"For all of us, becoming indigenous to a place means living as if your children's future mattered, to take care of the land as if our lives, both material and spiritual, depended on it." - Robin Wall Kimmerer, Braiding Sweetgrass
Driving between Seattle and Vancouver on I-5, we noticed these stunning Orca statues in front of the Tulalip Casino & Resort and decided we needed to pull over to get a closer look. We figured the casino might have some art exhibits to look at and needed a break from the road anyways. Inside, the casino was extremely beautiful, but we must have looked very out of place carrying around a 2-year old amongst the slot machines because this nice lady came up to us and asked if we needed any help. We responded that we were from California and just stopped because the resort looked beautiful. She directed us to the hotel portion and gave us some recommendations. We walked over to the main entrance of the hotel and the totem poles were stunning!
As my husband was taking pictures of the totem poles with Ronan and I in front of them this same nice lady came running up to us and said, "Okay you need a family picture now!" After the picture she asked us if we had any interest in visiting the tribe's museum. We were ecstatic! She told us to wait right there while she got us complementary passes to the Hibulb Cultural Center.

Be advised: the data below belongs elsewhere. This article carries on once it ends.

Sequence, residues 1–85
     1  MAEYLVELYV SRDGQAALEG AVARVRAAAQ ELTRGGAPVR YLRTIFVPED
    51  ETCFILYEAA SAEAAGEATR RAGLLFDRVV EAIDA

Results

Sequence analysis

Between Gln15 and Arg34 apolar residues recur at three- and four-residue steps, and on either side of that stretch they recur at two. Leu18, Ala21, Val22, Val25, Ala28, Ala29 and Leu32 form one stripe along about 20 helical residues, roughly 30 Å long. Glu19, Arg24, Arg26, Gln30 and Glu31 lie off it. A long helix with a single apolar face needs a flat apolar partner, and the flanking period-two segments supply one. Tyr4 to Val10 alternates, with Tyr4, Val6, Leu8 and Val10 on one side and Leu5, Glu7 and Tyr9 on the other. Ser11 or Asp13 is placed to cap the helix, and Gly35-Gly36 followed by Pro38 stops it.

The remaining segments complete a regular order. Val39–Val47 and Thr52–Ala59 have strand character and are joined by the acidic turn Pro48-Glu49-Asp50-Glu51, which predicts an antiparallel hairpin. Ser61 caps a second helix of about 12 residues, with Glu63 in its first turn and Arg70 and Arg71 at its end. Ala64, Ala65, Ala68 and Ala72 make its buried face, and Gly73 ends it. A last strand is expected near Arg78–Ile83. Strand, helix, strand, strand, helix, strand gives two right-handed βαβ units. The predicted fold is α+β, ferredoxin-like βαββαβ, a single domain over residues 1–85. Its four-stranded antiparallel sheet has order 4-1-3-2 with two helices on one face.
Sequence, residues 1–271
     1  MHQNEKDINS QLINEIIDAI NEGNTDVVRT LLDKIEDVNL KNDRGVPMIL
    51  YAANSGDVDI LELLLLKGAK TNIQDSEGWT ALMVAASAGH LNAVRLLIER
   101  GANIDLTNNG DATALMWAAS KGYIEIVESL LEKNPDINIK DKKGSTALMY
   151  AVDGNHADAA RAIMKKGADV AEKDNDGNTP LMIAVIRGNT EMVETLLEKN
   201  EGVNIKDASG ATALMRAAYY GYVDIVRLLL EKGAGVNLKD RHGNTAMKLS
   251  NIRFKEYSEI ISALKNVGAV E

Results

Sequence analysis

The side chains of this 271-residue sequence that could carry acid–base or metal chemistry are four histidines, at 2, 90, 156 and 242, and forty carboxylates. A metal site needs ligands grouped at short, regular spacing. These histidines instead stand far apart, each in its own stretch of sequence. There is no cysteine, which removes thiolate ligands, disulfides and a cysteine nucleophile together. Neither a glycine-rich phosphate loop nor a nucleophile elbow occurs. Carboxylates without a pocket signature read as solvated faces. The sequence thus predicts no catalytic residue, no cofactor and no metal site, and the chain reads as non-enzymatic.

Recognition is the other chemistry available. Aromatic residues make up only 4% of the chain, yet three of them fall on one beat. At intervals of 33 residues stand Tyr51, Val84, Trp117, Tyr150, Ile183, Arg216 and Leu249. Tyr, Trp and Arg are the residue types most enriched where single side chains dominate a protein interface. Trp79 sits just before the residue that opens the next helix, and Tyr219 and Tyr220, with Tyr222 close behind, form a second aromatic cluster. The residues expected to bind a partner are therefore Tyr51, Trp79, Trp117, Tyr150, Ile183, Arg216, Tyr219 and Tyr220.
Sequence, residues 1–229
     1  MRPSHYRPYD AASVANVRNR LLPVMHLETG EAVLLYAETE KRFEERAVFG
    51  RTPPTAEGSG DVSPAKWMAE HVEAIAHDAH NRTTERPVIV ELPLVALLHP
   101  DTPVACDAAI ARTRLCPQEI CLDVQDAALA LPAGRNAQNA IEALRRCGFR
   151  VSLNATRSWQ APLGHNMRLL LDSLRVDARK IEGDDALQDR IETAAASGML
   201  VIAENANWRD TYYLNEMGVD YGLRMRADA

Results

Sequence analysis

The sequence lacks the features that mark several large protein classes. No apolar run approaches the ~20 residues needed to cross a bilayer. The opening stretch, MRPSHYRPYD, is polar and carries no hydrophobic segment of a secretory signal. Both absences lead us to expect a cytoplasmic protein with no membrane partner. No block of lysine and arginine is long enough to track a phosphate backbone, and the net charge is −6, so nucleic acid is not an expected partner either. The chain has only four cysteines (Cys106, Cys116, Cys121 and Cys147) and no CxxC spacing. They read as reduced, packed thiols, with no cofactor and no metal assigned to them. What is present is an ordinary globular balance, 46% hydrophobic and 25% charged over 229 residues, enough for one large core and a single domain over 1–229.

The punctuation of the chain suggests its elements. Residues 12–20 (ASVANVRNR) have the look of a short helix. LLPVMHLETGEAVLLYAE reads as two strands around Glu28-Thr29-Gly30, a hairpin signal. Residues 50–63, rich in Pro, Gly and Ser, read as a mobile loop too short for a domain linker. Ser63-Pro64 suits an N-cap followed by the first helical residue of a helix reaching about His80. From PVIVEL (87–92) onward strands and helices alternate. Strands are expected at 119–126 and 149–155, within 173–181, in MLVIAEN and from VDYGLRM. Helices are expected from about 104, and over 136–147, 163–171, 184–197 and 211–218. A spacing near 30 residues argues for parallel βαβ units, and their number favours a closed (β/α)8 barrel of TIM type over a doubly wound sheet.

Hibulb Cultural Center
We had the entire museum to ourselves and what we thought would be a 30 minute walk-through turned into 2 hours of interactive family fun and personal enrichment.
One of the best parts of our time in the museum was being able to talk with Cary Williams, the Museum Assistant. As he shared with us stories from his grandfather and people, our authentic cultural exchange was uplifting and inspiring. Greg and I will forever be grateful for the time he shared with us even past the museum closing. As we shared our experience with Cary about how we happened upon the museum he told us that it had "called to us" and we truly felt a spirit of truth in that statement. As both of us are descendants of whale people, his ancestors the Killer Whales and mine Paikea, I can only feel like we were drawn there for a reason.
The museum gift shop was full of incredible art from indigenous artists and companies and even local tribal members. It is so important to learn about indigenous people and support local tribal artists whenever possible.
Cary explained to us that we are living in a time where the song of our ancestors is calling to us and as indigenous people we are uniting in our similarities to find the lost canoe full of all of the good things of the earth.
Hibulb Cultural Center was definitely a highlight of our trip! I would recommend the Museum to everyone and can't wait to continue to learn about the Tulalip Tribe and return to visit them again.
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